Houshmandzadeh previously has detailed the Bengals’ past cheapness

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We recently pieced together the various bread crumbs pointing to Joe Burrow potentially hoping that the Bengals won’t draft him. Past comments from one of the people who is working with Burrow before the draft adds to the pile.

In 2018, former Bengals receiver T.J. Houshmandzadeh explained to Colin Cowherd the various ways in which Bengals owner Mike Brown has been extremely careful with money.

Houshmandzadeh said that the Bengals used to lock up water and Gatorade after practice, that they provided used jockstraps to players, and that on the night before home games they didn’t take the team to a local hotel.

“We stayed at home,” Houshmandzadeh said. “So as a rookie you figure, ‘Oh, I was inactive last week, I’m gonna be inactive this week.’ You’d go out. You’d go out and just go straight from the club to the stadium on Sunday.”

That changed, Houshmandzadeh said, when Marvin Lewis became the head coach. But Mike Brown continues to own the team. And he continues to understand the connection between minimizing expenses and maximizing profits.

Houshmandzadeh has said publicly that he and others who know how the Bengals do business won’t be saying bad things about the Bengals to Burrow. But with Houshmandzadeh already saying negative things publicly, he doesn’t need to say anything privately to Burrow.

Actually, nothing Houshmandzadeh says should matter much. Former Bengals franchise quarterback Carson Palmer, a No. 1 overall pick, already has said it all. He believes based on his time with the team (and with other teams) that the Bengals aren’t trying to win a Super Bowl. If that’s what Palmer believes, how can anyone who hasn’t spent years with the Bengals disagree?

Indeed, in the two weeks since Palmer said what he said, not a single current or former Bengals player has come forward to say that Palmer is wrong. Which serves only to strengthen the perception that Palmer knows what he’s talking about.

12 responses to “Houshmandzadeh previously has detailed the Bengals’ past cheapness

  1. “We stayed at home,” Houshmandzadeh said. “So as a rookie you figure, ‘Oh, I was inactive last week, I’m gonna be inactive this week.’ You’d go out. You’d go out and just go straight from the club to the stadium on Sunday.”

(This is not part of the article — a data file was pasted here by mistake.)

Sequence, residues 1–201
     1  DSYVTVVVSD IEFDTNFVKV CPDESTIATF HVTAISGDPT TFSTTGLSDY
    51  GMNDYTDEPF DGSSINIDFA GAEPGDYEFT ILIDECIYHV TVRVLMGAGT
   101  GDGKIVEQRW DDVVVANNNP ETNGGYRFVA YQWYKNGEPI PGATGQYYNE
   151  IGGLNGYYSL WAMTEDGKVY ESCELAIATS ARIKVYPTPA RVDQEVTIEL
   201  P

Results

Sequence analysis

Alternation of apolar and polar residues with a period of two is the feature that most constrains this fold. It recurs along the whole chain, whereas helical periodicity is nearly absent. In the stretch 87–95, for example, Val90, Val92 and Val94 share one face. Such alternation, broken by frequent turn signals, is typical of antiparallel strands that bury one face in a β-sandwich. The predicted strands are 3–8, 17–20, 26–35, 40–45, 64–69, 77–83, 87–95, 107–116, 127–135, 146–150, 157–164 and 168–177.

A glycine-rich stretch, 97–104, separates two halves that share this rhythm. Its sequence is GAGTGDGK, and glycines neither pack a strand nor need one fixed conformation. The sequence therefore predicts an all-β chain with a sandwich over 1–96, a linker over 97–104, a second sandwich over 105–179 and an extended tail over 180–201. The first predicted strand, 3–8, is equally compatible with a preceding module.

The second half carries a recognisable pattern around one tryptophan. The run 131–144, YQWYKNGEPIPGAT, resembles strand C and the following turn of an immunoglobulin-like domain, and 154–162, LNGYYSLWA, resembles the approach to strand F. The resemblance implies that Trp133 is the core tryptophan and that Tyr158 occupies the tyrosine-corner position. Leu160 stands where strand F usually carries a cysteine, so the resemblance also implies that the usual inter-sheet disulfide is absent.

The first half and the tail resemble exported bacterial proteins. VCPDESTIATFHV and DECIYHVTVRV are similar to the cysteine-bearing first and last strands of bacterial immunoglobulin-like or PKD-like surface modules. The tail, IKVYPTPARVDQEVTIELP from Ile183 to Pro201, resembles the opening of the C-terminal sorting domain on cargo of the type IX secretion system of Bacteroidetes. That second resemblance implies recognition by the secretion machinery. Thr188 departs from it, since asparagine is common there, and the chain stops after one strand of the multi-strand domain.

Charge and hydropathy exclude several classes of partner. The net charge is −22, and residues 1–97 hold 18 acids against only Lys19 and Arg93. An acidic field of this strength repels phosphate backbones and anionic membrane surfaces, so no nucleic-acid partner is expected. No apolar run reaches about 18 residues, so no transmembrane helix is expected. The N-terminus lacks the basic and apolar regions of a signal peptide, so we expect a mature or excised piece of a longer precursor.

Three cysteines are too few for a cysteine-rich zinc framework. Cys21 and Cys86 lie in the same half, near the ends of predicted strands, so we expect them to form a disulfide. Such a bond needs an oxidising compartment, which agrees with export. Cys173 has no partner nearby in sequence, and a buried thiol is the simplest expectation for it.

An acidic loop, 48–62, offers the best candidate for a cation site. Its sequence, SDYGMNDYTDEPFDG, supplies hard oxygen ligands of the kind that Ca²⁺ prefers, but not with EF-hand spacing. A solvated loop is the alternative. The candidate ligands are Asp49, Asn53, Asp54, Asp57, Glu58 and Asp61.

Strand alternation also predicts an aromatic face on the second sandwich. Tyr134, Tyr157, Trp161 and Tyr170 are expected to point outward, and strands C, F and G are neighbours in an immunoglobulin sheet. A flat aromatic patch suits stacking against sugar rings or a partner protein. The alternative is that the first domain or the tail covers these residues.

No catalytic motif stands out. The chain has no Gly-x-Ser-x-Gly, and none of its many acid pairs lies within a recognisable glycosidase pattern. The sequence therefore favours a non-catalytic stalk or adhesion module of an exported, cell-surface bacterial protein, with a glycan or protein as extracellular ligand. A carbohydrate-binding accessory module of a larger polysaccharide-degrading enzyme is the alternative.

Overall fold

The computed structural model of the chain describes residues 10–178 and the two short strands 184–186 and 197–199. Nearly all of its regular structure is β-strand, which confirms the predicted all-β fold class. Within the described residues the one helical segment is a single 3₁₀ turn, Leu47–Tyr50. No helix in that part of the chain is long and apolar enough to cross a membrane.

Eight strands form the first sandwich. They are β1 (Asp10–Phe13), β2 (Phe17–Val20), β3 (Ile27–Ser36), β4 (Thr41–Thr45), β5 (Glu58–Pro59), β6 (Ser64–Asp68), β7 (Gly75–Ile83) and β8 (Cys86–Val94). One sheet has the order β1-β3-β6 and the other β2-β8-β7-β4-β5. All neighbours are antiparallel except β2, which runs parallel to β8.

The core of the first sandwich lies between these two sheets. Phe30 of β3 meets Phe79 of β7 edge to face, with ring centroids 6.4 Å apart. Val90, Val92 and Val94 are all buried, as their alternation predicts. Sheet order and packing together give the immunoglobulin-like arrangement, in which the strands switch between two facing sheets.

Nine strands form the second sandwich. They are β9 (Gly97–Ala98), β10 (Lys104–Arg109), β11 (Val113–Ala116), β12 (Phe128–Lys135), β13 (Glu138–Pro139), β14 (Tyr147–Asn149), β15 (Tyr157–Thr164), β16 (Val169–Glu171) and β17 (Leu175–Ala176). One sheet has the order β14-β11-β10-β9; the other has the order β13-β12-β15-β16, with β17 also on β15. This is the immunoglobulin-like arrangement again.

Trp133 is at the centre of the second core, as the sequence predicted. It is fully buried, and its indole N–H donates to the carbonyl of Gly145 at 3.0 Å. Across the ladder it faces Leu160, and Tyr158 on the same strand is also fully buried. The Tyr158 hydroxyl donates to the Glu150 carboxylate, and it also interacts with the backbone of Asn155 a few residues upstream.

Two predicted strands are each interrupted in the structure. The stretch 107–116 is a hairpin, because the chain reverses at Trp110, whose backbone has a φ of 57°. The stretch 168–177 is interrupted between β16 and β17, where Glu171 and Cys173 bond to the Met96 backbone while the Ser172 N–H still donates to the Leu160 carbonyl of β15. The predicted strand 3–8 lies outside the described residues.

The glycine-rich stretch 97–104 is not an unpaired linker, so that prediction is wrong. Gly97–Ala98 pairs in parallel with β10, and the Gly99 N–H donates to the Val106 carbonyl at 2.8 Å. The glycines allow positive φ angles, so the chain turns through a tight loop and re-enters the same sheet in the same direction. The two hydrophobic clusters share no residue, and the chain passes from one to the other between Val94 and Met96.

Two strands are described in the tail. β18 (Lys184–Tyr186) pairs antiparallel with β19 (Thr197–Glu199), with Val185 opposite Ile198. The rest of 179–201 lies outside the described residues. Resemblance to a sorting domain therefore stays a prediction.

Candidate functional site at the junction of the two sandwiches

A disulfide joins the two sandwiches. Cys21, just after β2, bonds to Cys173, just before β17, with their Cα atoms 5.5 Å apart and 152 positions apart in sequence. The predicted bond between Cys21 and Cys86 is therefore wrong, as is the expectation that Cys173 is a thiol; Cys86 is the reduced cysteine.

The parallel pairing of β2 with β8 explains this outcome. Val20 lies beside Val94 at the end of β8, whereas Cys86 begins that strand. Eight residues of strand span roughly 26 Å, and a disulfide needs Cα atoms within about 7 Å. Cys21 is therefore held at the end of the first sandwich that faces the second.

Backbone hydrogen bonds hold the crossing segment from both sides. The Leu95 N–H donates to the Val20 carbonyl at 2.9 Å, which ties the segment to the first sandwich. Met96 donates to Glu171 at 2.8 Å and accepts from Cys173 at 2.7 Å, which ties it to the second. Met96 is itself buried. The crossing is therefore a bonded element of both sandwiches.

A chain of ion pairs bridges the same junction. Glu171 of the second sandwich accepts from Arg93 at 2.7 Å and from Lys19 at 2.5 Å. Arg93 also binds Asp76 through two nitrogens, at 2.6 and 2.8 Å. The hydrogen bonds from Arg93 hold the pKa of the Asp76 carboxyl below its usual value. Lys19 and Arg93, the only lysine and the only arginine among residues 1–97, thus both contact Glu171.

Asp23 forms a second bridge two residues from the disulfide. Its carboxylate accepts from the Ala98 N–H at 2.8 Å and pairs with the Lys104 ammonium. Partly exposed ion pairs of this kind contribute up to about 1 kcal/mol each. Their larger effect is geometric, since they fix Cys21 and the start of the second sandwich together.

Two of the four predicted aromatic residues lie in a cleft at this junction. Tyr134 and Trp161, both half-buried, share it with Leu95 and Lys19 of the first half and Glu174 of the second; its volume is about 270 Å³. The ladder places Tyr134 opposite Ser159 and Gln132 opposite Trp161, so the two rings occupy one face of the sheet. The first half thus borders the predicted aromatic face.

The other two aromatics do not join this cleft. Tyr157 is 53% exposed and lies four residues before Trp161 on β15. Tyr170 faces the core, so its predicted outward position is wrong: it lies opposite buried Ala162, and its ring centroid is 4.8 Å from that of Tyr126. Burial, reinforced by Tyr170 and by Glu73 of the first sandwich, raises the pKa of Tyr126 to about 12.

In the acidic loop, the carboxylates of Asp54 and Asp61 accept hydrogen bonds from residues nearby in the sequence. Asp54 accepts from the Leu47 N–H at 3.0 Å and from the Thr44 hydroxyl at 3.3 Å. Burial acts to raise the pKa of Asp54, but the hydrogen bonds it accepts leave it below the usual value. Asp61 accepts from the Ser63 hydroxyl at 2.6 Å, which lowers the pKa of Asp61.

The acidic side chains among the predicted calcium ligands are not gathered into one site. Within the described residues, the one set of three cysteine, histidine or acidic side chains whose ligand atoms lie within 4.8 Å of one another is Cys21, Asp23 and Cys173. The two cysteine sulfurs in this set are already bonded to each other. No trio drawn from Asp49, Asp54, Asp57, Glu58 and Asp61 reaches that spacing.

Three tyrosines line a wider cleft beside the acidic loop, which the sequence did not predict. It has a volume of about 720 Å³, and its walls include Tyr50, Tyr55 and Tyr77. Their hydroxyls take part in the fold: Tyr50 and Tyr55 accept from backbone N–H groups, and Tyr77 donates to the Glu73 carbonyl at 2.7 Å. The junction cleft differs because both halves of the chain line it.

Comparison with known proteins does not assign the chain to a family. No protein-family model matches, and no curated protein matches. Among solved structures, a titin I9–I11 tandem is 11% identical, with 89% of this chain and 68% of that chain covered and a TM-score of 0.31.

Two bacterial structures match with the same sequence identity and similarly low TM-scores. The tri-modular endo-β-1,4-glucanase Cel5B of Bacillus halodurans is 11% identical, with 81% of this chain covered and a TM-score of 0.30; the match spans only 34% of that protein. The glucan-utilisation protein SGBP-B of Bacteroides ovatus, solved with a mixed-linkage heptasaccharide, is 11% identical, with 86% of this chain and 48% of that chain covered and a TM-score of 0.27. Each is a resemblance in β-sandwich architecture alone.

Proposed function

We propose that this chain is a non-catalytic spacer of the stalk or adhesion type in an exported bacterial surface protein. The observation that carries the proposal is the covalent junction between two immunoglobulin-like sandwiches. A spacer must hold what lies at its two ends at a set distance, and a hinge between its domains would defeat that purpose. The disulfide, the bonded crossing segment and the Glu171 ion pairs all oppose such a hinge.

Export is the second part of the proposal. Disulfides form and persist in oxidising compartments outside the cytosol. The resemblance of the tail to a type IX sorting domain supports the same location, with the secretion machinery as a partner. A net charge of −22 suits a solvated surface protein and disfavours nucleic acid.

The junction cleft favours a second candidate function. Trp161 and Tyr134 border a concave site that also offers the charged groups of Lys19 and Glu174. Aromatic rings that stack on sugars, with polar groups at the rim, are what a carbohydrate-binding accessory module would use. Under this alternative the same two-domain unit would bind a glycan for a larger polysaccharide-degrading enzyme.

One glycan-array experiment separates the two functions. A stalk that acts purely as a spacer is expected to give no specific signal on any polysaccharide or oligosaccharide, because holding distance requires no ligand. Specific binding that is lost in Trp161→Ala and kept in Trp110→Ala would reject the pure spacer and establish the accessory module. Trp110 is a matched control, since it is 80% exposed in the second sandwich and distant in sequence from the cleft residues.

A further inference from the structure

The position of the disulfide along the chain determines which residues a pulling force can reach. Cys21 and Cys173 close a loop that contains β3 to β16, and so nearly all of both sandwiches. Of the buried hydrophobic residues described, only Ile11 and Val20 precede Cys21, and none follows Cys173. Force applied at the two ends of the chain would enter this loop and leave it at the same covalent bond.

————
    I get what TJ is saying but, when you get paid serious money it’s up to the individual to take their job seriously. If not then someone will seriously take your job from you.

  2. factschecker says:
    February 10, 2020 at 12:22 pm

    “We stayed at home,” Houshmandzadeh said. “So as a rookie you figure, ‘Oh, I was inactive last week, I’m gonna be inactive this week.’ You’d go out. You’d go out and just go straight from the club to the stadium on Sunday.”
    ————
    I get what TJ is saying but, when you get paid serious money it’s up to the individual to take their job seriously. If not then someone will seriously take your job from you.
    ____

    Individual responsibility only goes so far when you’re dealing with a roster of 53+ players and roughly 20 coaches. An organization needs structure and accountability. That said, this is all moot point, because Houshmandzadeh was talking about 2001-2002, when he came into the league. The Bengals haven’t operated that way in nearly 20 years.

  3. Let’s compare the Dolphins to the Bengals over the last decade and see which organization has looked like it wants to win a Super Bowl. It’s not even close. Now imagine if the Bengals had a big game QB instead of Andy Dalton on those playoff teams. Mike Brown is stuck in the Stone Age, no doubt about that, but whoever is making the decisions for him now is at least better than the guys running things in Miami.

  4. You would think this kid would tell everyone around him including his father to keep their mouths shut. Or at least come out publicly and say that this is not your opinion.

  5. Plus, Houshmanzedah was an Intern Coach for the Bengals a few years ago to help and learn during training camp.

    But none of that will be mentioned.

    Nor will it be mentioned that when Palmer quit, the Bengals got better. Heck, beat Oakland 34-10 the next season. I guess Oakland wasn’t committed to winning Super Bowls either.

  6. It’s so much Mike Brown is cheap – He did make Carson the highest paid player at the time of his contract. It’s just with the brain-trust being attorneys and accountants they do not know how to run a successful NFL franchise. It took until Marvin Lewis showed them how but some things they still don’t get…..

  7. Why hasn’t the NFL stepped in here? If an owner is bad for their team and not committed to winning, what does that say to the rest of the league owners and the brand?

  8. How can Palmer say Mike Brown doesn’t want to win super bowl? If Palmer’s knee was not destroyed in the playoff game they were very likely headed to the super bowl that year. If Palmer didn’t quit he would have been throwing bombs to AJ Green and who knows who would have been picked in round two when they were forced by cry baby Palmer to pick Dalton. Palmer could have been part of a five year run at the Playoffs and most likely would have fared better than The Andy version of the Bengals.

  9. The Bengals went to 5 straight playoffs after Palmer was traded, yet we’re still taking Palmer’s word that The Bengals don’t want to win? I’m never going to defend Mike Brown, but the simple fact is that the team got better when Carson left. Perhaps he’s a little sore still?

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